Mediocre Manchester - City and United
No one saw this coming.
Few expected a masterpiece, but it's hard to recall a Manchester Derby dipped so thoroughly in mediocrity.
The two recent giants of English football, sharing the last four Premier League titles between them, were reduced to this - a side with a rickety defence against a side struggling to beat 10 men with a rickety defence.
The two halves of Manchester once formed an impenetrable whole. Now they veer between inconsistent and insipid.
City are already six points behind Chelsea. Meanwhile, United are plodding through their worst start to a season since 1986, a year of crushing disappointment, a year that led to Ron Atkinson's sacking.
Sir Alex Ferguson never sank this low, nor did David Moyes.
Louis van Gaal has a fine track record in guiding clubs into unchartered territory, but not like this.
United are 10th in the table and slipping towards irrelevance before the Halloween decorations are even taken down. The horror show remains at Old Trafford.
Chris Smalling's red card stole the focus, but the centre back's idiocy revealed the lack of composure and intelligence required in a Manchester United defence.
It is frankly inconceivable to think of Rio Ferdinand, Jaap Stam or even Steve Bruce being found guilty of such school playground rashness.
But Smalling started because there was no better option, highlighting the recklessness in allowing Ferdinand, Nemanja Vidic and Patrice Evra to all leave at the same time.
Marcos Rojo's injury was unfortunate, but United's back four ended up being a cross between Dad's Army and a kindergarten class with Michael Carrick, Antonio Valencia, Paddy McNair and Luke Shaw.
Shaw and McNair are both 19. Van Gaal initially viewed Shaw as a long-term prospect, while McNair has been lifted from the youth academy and dropped into the Premier League.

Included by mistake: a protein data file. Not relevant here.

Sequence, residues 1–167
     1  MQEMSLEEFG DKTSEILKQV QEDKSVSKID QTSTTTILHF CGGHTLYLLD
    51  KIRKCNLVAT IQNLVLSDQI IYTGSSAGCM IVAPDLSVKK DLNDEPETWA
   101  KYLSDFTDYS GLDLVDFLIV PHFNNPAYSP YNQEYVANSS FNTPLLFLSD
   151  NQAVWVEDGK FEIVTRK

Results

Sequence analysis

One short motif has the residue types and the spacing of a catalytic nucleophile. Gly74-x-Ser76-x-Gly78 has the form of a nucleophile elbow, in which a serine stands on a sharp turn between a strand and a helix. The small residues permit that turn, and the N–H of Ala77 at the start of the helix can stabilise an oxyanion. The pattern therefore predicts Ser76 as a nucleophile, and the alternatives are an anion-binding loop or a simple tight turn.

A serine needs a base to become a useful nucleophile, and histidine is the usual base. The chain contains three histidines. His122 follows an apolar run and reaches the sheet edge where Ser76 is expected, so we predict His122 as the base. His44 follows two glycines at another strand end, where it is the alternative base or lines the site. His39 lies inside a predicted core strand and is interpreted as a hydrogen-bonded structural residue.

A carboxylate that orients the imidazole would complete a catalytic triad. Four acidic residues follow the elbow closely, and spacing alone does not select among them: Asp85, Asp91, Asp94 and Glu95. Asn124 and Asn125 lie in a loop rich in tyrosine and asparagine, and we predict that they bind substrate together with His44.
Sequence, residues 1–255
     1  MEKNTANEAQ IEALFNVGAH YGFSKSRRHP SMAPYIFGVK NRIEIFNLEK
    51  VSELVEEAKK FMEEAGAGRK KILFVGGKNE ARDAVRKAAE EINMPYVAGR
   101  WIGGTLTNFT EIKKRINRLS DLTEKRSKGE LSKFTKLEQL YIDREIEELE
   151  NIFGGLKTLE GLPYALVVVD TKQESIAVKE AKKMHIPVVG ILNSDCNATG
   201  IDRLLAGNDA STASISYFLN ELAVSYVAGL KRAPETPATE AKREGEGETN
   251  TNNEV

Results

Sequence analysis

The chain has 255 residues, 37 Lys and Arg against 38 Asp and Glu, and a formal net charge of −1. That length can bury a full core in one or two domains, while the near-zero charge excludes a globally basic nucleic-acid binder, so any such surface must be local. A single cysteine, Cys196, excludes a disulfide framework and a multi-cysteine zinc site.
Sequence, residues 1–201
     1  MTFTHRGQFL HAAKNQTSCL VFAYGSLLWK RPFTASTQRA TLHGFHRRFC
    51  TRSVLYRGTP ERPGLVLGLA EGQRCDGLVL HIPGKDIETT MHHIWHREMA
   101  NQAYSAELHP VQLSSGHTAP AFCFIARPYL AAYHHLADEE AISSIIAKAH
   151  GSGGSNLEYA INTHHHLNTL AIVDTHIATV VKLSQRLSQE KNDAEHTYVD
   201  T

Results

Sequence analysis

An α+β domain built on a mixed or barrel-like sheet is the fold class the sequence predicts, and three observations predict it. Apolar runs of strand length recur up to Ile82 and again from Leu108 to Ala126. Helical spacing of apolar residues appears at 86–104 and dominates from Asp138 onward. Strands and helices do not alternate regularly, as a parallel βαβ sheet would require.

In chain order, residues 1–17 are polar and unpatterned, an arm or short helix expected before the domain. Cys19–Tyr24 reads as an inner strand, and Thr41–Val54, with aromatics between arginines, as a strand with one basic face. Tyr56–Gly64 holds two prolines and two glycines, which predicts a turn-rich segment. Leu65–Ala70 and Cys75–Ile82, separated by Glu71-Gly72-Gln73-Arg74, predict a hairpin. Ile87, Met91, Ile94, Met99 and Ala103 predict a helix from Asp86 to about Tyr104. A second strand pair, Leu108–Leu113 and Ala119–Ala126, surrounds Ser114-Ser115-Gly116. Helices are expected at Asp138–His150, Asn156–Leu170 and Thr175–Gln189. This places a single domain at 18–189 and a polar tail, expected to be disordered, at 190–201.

United have long championed a bold youth policy, but it was usually a meritocracy. McNair's promotion reeks of desperation.
Under the circumstances, the patched-up back four acquitted themselves admirably, considering City's numerical advantage and the fact that Carrick hadn't featured since May.
United gave a spirited performance, but it was the kind of gusty, frenzied last stand typically associated with relegation scrappers.
That's not to denigrate the Red Devils' determination. It's just an acknowledgement of how far the club have fallen.
United are now measured by a different yardstick. Any scraps of comfort are gratefully accepted. They only lost 1-0 to a maddeningly inconsistent side.
In some respects, City have the greater problems.
Even allowing for David de Gea's reliability between the sticks, Manuel Pellegrini's men made such heavy weather of beating wounded opponents.
Momentum has deserted the blue half of Manchester. Without David Silva, City are more mechanical than maverick.
Stevan Jovetic did not improve his selection chances. Yaya Toure is still looking for a reliable midfield partner. Jesus Navas happens to be a World Cup winner but rarely looks like one in a City jersey and the back four remains unsettled.
With champions like this, who needs a title race?
Jose Mourinho could conceivably unwrap the Premier League trophy on Christmas morning, leaving the rest of the season to be rebranded as an anti-climatic race for the other three Champions League spots.
City's second album syndrome is becoming a broken record that even their supporters must be tired of hearing. Flopping after the first championship win was one thing; to do it a second time would suggest an inherent psychological flaw.
Compared to their fellow domestic champions across Europe's major leagues, City's lack of creative enterprise is exasperating.
The last thing the Premier League needs now is a mundane one-horse race. But that's the only conceivable outcome, if the Manchester Derby was any indication.
Its typically English robustness and frantic pace should not be confused with rare quality.
Both Manchester sides have not only fallen behind their European rivals, they have also fallen behind Chelsea.
The derby was billed as a spleen-rupturing blockbuster. In reality, it felt a lot like a battle between also-rans.
"It is important to win. Chelsea are doing very well and they keep winning but we have to go on and I’m sure they will drop some points."
— Manchester City striker Sergio Aguero